1. There shall be a Federal Executive Council to advise the
    Governor-General in the government of the Commonwealth, and the members of
    the Council shall be chosen and summoned by the Governor-General and sworn
    as Executive Councillors, and shall hold office during his pleasure.


Privisions referring to the Governor-General

  1. The provisions of this Constitution referring to the Governor-General
    in Council shall be construed as referring to the Governor-General acting
    with the advice of the Federal Executive Council.


Executive power

  1. The executive power of the Commonwealth is vested in the President,
    and extends to the execution and maintenance of this Constitution, and of
    the laws of the Commonwealth. The President shall be the head of state of
    the Commonwealth.

    There shall be a Federal Executive Council to advise the President in the
    government of the Commonwealth, and the members of the Council shall be
    chosen and summoned by the President and sworn as Executive Councillors,
    and shall hold office during the pleasure of the President.

    The President shall act on the advice of the Federal Executive Council,
    the Prime Minister or another Minister of State; but the President may
    exercise a power that was a reserve power of the Governor-General in
    accordance with the constitutional conventions relating to the exercise of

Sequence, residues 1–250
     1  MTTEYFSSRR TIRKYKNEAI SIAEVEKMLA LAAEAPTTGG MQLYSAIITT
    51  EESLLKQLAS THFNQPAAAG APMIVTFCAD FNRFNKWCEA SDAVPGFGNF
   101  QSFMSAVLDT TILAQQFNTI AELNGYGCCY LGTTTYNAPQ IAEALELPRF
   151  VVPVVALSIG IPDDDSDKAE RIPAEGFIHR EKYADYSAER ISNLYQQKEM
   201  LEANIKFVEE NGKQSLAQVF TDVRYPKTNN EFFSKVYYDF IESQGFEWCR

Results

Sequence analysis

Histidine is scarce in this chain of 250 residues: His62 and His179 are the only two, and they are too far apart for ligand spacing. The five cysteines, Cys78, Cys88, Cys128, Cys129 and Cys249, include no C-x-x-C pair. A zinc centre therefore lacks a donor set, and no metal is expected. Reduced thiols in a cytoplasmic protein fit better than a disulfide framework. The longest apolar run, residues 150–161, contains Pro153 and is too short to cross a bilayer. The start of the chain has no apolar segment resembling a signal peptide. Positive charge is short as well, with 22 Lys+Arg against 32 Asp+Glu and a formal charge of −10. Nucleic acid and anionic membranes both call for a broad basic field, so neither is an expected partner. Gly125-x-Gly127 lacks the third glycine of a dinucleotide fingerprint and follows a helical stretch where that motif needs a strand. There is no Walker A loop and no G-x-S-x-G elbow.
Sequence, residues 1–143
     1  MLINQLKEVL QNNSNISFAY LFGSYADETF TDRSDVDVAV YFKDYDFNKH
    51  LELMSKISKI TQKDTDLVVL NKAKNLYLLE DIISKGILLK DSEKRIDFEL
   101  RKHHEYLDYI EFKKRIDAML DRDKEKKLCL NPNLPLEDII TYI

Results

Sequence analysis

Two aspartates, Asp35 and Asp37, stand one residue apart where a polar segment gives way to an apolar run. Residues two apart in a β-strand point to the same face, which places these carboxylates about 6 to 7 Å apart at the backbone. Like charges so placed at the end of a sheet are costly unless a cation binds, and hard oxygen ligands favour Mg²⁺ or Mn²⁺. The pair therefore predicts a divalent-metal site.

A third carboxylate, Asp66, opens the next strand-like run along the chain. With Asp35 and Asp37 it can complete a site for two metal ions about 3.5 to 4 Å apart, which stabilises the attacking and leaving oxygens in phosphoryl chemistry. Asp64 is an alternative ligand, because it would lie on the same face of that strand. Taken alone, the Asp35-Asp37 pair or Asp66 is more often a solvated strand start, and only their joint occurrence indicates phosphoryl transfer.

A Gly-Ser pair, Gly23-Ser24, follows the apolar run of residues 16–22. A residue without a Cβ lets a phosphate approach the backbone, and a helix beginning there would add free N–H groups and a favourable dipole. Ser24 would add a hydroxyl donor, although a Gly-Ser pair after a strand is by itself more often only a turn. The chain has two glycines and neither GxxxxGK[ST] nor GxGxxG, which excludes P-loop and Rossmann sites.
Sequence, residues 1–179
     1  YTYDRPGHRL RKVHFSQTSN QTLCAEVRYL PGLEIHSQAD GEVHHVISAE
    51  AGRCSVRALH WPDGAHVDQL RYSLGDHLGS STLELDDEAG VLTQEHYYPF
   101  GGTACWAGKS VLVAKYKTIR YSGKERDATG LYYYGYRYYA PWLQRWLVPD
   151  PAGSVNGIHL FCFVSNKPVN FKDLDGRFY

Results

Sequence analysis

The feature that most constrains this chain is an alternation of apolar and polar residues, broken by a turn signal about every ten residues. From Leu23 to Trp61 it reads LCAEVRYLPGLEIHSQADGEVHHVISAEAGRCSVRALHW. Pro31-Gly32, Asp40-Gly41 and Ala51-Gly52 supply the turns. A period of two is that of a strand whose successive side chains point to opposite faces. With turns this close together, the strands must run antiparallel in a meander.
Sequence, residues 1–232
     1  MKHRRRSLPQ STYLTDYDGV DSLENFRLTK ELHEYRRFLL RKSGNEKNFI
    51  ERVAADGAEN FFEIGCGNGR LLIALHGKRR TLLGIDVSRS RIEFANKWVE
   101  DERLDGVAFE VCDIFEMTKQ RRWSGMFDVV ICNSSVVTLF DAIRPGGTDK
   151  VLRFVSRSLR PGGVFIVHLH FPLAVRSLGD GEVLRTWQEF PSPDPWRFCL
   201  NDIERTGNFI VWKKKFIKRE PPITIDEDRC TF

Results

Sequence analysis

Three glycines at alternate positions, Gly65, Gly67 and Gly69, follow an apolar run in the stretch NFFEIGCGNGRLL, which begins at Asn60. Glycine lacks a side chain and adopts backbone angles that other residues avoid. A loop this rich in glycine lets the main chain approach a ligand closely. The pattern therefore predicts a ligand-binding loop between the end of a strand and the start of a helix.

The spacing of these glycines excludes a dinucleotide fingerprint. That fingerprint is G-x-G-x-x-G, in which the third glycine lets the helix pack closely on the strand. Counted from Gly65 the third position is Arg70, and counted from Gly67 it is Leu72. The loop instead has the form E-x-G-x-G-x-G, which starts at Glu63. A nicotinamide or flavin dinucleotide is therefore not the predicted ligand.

that power.

The President

  1. After considering the report of a committee established and operating
    as the Parliament provides to invite and consider nominations for
    appointment as President, the Prime Minister may, in a joint sitting of
    the members of the Senate and the House of Representatives, move that a
    named Australian citizen be chosen as the President.

    If the Prime Minister’s motion is seconded by the leader of the Opposition
    in the House of Representatives, and affirmed by a two-thirds majority of
    the total number of the members of the Senate and the House of
    Representatives, the named Australian citizen is chosen as the President.

    The person named in the Prime Minister’s motion is qualified to be chosen
    as President if, when the motion is moved and affirmed:

    1. the person is qualified to be, and capable of being chosen as,
      a member of the House of Representatives; and
    2. the person is not a member of the Commonwealth Parliament
      or a State Parliament or Territory legislature, or a member of
      a political party.

    The actions of a person otherwise duly chosen as President under this
    section are not invalidated only because the person was not qualified to
    be chosen as President.

    Each person chosen as President shall, before the term of office begins,
    make and subscribe before a Justice of the High Court an oath or
    affirmation of office in the form set forth in Schedule 1 to this